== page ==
Your cognition and walking speed often decline together

In a new study, researchers found that thinking and walking go hand in hand in determining the health course of older adults.

The two functions often parallel each other in determining a person’s health trajectory.

The study was conducted by UT Health San Antonio researchers.

In the study, the researchers analyzed data from 370 participants in the San Antonio Longitudinal Study of Aging (SALSA) and found that they grouped into three distinct trajectories.

These classifications were based on the participants’ changes on a cognitive measure and a gait speed task over an average of 9½ years:

Stable cognition and gait class (65.4% of the participants).

Cognitive and physical vulnerability class (22.2%).

Physical vulnerability class (12.4%).

In the community-based sample of American older adults aged 65 to 74 years old at baseline, the team found the majority of individuals began the study with higher scores in both cognition and gait speed.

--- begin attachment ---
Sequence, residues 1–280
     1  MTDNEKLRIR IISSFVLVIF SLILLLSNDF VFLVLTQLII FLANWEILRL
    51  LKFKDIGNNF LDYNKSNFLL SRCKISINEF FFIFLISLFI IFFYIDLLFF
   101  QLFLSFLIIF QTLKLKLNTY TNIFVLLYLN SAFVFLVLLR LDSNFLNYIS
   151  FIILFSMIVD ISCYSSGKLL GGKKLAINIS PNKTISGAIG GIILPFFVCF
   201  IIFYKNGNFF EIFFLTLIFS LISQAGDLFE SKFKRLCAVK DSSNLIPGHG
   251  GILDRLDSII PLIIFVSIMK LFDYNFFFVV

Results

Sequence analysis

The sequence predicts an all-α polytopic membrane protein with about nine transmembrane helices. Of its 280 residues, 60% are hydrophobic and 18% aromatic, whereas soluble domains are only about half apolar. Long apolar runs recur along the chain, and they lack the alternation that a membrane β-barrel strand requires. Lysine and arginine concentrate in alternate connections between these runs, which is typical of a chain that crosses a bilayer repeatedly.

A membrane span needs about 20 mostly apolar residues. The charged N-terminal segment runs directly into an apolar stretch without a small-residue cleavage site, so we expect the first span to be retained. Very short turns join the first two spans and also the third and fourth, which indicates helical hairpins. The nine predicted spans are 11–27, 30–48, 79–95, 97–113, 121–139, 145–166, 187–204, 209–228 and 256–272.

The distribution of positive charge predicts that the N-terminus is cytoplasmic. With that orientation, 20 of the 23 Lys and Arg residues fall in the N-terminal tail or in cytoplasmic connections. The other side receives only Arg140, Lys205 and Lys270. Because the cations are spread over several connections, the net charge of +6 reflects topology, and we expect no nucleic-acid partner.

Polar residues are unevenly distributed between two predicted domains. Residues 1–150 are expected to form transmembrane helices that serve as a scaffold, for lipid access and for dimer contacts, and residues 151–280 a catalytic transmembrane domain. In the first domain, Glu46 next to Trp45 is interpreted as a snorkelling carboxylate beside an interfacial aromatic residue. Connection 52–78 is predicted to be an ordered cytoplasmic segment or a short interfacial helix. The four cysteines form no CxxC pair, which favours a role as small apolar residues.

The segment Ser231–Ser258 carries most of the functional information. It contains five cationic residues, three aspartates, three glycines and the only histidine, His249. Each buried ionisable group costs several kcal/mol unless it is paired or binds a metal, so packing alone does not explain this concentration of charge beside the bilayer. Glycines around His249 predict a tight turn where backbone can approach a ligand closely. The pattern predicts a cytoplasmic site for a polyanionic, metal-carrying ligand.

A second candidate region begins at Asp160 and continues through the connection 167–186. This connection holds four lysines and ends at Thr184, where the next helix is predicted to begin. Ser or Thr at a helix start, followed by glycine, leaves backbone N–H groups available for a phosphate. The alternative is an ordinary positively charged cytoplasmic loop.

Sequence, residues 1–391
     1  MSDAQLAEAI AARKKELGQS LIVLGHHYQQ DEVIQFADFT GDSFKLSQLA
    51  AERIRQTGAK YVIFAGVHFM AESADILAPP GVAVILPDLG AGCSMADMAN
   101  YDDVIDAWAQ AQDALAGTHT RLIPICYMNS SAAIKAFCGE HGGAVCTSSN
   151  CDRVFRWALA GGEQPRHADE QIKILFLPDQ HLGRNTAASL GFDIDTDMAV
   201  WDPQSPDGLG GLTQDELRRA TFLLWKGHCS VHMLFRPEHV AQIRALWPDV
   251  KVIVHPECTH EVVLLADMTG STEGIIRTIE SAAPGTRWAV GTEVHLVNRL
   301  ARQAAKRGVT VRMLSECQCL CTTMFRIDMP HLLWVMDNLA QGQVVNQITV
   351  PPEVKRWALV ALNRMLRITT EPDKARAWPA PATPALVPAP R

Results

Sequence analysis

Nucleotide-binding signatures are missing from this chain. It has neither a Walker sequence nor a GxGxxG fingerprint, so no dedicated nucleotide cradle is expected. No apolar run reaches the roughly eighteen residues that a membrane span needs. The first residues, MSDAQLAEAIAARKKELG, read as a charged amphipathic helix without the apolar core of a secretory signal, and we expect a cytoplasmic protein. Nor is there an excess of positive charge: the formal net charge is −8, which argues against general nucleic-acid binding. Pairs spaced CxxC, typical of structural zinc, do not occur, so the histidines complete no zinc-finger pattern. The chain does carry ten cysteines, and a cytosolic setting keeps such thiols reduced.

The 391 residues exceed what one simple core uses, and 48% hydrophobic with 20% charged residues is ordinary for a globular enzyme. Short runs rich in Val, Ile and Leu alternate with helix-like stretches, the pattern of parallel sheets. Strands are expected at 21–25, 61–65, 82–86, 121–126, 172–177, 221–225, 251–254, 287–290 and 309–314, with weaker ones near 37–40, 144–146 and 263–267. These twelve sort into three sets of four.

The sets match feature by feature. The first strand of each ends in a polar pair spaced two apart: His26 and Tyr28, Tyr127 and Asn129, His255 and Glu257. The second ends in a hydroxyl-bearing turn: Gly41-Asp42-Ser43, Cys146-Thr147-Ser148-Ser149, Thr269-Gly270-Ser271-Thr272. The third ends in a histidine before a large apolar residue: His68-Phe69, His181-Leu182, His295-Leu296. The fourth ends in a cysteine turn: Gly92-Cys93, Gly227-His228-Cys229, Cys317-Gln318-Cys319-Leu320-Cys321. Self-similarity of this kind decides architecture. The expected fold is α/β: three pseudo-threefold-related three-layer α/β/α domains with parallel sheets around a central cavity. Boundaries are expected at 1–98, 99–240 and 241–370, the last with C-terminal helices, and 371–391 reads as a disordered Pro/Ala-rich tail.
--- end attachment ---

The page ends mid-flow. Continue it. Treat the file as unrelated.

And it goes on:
During follow-up, this group demonstrated resilience to age-related declines and continued to be functionally independent.

In contrast, one-fifth of individuals began the study with lower scores in cognition and gait speed. They experienced deterioration in each domain during the follow-up period.

The third group of individuals termed the physical vulnerability class, demonstrated stable cognition throughout the study, but their gait speed slowed over time.

The team says for most of the population they studied, changes in cognition and gait speed were parallel, which suggests shared mechanisms.

Cognition and gait speed may be altered by blood vessel disease, brain tissue insults, hormone regulation, and abnormal deposits of amyloid beta and tau proteins in the brain.

Amyloid beta and tau deposits are well-known indicators of Alzheimer’s disease but may impact gait, too.

Abnormal protein deposition promotes neurodegeneration and synaptic loss, which may induce dysfunction in brain regions governing cognition and gait.

Another possibility is damage to white matter in regions integral to both cognition and gait coordination.

The lead author of the study is Helen Hazuda, Ph.D., a professor in UT Health San Antonio’s Long School of Medicine and the principal investigator of SALSA.

The study is published in the International Journal of Geriatric Psychiatry.

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